Chicken and egg debate
Huh? Sometime I think I needed a British-American dictionary to get through the London visit.
But the translation was fairly swift: Camilla Parker Bowles Windsor, the second wife of the heir to the British throne, decided (eight months late in the eyes of royals watchers) not to attend today's memorial for Princess Diana.
So in that context, it was rather interesting to hear a report from Jeremy Paxman, a BBC "presenter," blasting the way television works in the UK today.
"The problem is that news is determined not by its importance but by its availability," he said. "How else can we explain the decision to interrupt reporting of floods in Britain to go live to America breathlessly, to cover Paris Hilton's release from jail?
But it was a bit of a shock to hear Lionel Shriver, an expatriate American author, say the problems all stem from the US cable networks and the OJ Simpson story. Say what?
This is not a defense of the garbage that cable network news has become -- whether it is the sad story of chasing Paris Hilton, Scott Peterson or OJ Simpson. Or Diana and Dodi.
Shriver said UK news programmes were "streets ahead of their American counterparts" which air more pharmaceutical adverts than current affairs, but British TV was guilty of turning to the US for inspiration.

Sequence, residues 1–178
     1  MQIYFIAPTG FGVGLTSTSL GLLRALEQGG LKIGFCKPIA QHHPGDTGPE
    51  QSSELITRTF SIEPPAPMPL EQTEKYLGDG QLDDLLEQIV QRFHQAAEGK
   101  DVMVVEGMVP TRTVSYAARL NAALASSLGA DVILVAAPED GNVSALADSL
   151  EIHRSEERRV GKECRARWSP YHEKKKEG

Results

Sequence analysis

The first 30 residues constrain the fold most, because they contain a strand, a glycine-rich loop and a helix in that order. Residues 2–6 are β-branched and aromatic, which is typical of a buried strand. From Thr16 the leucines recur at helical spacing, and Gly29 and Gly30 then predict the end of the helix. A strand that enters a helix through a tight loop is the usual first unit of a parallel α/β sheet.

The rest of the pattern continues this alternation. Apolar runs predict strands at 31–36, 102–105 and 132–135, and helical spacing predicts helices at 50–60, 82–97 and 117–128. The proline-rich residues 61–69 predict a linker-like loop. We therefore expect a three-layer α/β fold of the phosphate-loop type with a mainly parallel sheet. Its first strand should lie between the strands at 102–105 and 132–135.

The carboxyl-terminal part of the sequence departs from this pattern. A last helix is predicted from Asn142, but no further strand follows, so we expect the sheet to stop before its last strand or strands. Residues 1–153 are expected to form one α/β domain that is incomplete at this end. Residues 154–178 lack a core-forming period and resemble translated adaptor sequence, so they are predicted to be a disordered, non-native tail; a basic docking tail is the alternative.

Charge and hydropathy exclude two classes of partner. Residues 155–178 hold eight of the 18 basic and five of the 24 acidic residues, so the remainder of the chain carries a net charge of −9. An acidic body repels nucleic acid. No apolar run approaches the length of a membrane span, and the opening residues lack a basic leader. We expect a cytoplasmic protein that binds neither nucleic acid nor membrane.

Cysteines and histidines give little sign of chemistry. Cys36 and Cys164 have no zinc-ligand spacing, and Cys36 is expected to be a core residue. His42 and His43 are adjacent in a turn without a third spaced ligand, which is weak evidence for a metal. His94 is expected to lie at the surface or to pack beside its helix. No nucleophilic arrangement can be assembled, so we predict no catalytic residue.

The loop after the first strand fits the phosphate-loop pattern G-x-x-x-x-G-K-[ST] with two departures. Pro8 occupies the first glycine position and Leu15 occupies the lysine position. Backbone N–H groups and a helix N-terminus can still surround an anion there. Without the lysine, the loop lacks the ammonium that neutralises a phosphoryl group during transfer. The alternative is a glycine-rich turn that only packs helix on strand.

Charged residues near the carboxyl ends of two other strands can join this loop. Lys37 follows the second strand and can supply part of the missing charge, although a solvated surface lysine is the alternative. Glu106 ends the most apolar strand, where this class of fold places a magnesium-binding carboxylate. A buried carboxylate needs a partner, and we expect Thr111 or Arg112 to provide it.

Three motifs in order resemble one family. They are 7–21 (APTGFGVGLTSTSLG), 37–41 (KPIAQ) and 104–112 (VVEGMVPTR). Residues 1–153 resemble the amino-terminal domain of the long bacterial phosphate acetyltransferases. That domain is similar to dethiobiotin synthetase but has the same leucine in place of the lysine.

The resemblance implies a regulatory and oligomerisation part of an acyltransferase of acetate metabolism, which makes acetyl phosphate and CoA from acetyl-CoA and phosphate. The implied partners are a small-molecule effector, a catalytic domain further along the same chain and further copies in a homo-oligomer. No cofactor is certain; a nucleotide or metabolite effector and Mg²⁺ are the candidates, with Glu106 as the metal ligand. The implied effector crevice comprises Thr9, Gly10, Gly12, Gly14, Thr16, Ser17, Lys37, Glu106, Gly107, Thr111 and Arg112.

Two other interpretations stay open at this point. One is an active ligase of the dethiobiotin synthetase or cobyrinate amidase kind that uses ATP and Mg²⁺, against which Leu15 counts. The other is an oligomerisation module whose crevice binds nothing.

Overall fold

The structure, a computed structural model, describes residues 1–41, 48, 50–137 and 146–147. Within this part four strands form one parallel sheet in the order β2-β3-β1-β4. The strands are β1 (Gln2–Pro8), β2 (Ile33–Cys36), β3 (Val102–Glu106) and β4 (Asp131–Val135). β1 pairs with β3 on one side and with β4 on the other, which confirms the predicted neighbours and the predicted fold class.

New and challenging programmes had been sacrificed for "bloated sagas" on Paris Hilton's jail sentence, the trials of OJ Simpson and Michael Jackson, and Diana's death.
But the description of British television news is as accurate as that of its American counterpart. Just ask Rupert Murdoch, the owner of SkyNews, Britain's alternative to the staid, stuffy and "fair and balanced" BBC. Or the numerous tabloid papers which he owns that serve daily scandals and topless women on Page 3.
So it was a bit jarring to hearing an American laying the blame at the feet of OJ. Unless I miss my calendar, the wedding of Diana and Charles was on every screen across the world -- in 1981. The Simpson slow speed chase came 13 years later.
Every British outlet has a "royals reporter," who spends ample airtime and print space chronicling the trials and tribulations of what may be the world's most dysfunctional family (and that includes the Simpsons).
Stockholm syndrome only applies to people who are kept against there will and Ms. Shriver seems to be a happy resident of the UK. So it is hard to explain how she managed to reverse the chicken and the egg or bad television news.